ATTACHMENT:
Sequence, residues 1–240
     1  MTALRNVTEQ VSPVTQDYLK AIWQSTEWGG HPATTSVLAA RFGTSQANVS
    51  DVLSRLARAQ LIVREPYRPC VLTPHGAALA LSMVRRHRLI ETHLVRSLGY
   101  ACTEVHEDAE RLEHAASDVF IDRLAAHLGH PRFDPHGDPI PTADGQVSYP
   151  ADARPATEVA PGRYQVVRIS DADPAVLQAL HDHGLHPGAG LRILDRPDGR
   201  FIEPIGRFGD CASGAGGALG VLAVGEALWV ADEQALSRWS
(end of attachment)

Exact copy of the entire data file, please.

Sequence, residues 1–240
     1  MTALRNVTEQ VSPVTQDYLK AIWQSTEWGG HPATTSVLAA RFGTSQANVS
    51  DVLSRLARAQ LIVREPYRPC VLTPHGAALA LSMVRRHRLI ETHLVRSLGY
   101  ACTEVHEDAE RLEHAASDVF IDRLAAHLGH PRFDPHGDPI PTADGQVSYP
   151  ADARPATEVA PGRYQVVRIS DADPAVLQAL HDHGLHPGAG LRILDRPDGR
   201  FIEPIGRFGD CASGAGGALG VLAVGEALWV ADEQALSRWS